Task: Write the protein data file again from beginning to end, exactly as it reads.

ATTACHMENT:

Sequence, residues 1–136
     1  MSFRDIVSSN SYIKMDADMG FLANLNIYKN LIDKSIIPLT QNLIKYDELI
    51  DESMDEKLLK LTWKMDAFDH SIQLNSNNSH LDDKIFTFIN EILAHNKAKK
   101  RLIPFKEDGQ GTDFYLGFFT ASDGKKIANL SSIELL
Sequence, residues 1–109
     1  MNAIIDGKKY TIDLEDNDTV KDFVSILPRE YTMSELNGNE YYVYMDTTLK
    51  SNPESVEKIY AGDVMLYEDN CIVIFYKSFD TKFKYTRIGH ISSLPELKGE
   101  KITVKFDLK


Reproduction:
Sequence, residues 1–136
     1  MSFRDIVSSN SYIKMDADMG FLANLNIYKN LIDKSIIPLT QNLIKYDELI
    51  DESMDEKLLK LTWKMDAFDH SIQLNSNNSH LDDKIFTFIN EILAHNKAKK
   101  RLIPFKEDGQ GTDFYLGFFT ASDGKKIANL SSIELL
Sequence, residues 1–109
     1  MNAIIDGKKY TIDLEDNDTV KDFVSILPRE YTMSELNGNE YYVYMDTTLK
    51  SNPESVEKIY AGDVMLYEDN CIVIFYKSFD TKFKYTRIGH ISSLPELKGE
   101  KITVKFDLK